The Impact of Every Child Matters on Workplace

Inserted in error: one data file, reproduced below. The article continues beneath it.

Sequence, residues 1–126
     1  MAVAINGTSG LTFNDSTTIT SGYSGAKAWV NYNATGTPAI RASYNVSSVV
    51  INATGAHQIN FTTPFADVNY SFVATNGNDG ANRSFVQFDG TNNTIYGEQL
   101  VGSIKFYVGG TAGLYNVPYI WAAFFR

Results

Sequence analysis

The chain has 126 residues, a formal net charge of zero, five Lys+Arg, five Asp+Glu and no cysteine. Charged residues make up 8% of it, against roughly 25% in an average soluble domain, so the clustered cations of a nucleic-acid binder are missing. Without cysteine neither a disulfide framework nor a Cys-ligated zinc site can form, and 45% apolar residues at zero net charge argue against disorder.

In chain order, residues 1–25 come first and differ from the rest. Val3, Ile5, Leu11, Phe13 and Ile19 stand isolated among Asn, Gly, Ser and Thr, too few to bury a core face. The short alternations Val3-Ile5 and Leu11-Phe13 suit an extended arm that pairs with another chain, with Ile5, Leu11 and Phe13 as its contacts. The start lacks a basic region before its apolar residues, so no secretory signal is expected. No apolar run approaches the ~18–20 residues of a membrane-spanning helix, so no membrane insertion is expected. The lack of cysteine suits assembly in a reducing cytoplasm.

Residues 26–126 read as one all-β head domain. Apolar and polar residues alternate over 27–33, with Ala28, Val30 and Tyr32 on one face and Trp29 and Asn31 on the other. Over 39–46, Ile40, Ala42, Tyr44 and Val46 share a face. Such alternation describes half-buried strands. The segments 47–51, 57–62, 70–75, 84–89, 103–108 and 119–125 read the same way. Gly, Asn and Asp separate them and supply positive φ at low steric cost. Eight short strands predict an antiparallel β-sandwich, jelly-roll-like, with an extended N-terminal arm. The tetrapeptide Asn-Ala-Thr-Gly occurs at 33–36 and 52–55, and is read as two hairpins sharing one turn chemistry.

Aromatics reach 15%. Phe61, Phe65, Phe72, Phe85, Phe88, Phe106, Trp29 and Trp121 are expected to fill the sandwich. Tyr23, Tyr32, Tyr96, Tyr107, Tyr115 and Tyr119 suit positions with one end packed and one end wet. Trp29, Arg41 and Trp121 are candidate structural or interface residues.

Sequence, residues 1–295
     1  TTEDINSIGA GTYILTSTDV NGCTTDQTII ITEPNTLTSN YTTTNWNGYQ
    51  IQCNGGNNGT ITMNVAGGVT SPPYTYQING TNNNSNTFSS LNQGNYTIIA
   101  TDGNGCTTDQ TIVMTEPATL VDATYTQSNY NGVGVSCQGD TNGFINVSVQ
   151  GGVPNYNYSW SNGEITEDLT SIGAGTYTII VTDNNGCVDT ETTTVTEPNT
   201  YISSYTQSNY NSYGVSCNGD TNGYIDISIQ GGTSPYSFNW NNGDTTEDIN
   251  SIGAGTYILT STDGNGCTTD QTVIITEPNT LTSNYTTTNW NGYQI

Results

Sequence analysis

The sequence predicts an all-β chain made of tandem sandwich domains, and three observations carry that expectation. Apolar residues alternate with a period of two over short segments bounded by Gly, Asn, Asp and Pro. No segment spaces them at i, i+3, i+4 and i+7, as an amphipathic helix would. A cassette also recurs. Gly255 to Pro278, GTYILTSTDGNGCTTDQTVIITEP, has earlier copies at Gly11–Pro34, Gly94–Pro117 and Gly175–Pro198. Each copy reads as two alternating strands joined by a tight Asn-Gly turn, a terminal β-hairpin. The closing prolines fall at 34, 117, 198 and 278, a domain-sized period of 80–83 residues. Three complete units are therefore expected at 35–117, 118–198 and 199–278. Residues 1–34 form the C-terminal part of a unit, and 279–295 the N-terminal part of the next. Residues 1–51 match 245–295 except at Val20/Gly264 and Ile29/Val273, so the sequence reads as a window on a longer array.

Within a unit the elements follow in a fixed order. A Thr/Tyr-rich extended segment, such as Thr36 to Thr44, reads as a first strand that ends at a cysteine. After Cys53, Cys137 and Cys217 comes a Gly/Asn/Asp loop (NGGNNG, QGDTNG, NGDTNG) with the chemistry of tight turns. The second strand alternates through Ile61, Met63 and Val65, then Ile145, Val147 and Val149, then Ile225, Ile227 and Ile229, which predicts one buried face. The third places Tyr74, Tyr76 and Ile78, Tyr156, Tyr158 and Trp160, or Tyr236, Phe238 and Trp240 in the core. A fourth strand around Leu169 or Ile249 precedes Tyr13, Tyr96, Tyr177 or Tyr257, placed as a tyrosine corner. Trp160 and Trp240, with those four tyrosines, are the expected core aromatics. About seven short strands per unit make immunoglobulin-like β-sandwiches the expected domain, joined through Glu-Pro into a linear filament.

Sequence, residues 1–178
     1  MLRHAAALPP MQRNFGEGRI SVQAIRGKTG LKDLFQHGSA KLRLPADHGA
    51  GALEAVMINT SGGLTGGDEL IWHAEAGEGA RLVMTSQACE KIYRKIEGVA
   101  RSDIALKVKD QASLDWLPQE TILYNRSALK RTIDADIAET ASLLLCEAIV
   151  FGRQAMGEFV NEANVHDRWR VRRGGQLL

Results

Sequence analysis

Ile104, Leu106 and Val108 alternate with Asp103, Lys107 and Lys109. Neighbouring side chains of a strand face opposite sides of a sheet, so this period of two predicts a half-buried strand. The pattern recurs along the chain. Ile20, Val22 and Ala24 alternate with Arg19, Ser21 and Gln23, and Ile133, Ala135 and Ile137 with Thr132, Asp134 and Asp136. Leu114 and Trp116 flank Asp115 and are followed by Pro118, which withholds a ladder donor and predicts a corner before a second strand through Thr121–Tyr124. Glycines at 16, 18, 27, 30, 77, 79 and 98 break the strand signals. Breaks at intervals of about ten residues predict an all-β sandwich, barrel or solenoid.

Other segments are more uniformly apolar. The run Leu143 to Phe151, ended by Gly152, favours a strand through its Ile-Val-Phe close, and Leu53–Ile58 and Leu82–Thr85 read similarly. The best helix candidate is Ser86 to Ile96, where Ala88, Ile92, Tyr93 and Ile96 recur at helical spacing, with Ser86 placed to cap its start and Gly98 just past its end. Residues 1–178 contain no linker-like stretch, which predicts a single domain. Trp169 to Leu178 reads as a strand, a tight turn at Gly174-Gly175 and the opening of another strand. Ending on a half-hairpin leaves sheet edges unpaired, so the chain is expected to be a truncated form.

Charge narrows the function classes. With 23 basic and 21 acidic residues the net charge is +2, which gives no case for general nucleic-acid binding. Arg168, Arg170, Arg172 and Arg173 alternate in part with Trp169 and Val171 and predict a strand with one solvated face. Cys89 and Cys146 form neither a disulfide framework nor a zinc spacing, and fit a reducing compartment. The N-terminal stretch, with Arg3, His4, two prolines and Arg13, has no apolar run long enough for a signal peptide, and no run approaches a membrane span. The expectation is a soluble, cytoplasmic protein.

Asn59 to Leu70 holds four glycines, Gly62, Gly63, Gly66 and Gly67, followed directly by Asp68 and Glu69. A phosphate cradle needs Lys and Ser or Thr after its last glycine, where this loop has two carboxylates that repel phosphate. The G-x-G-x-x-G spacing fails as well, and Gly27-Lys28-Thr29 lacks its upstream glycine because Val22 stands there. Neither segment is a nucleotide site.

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Aside from briefly discussing the context of Every Child Matters, this report will examine the different UK public policies such as Equality Act 2006, the Disability Discrimination Act of 1995, Employment Rights Act of 1996, Sex Discrimination Act of 1975, and Race Relations Act of 1976 as a way of examining how the promotion of cultural diversity within the educational system could help each child prepare and protect themselves as soon as they are ready to look for employment opportunities. After discussing the significance of cultural diversity in the work environment, strategic ways on how to develop and create an effective inclusive learning environment for children with or without learning difficulties will be tackled in details.Specifically, the educational support needs of each child vary depending on their individual learning capabilities. Some students are fast learners whereas students who were born with mental or physical health problems may have difficulty in learning (Learning and Teaching Scotland 2007). In order to remove all the barriers to learning, the Scottish government has exerted so much effort on increasing the social complexity of each school.Under the current Scottish Executive Education Department, the Education Act 2004 promotes an equal opportunity for education regardless of the mental and physical condition of a child. The said Act includes rendering additional short- and long-term support needs related to social, socio-economic status, emotional, cognitive, linguistic, disability or family and care circumstances which may hinder a child’s learning development (Scottish Executive Education Department 2004. Killean 2003).Similar to Children Act of 2004, Every Child Matters was developed to ensure that the educational and health services that each child will receive equal benefits regardless of their physical and mental condition.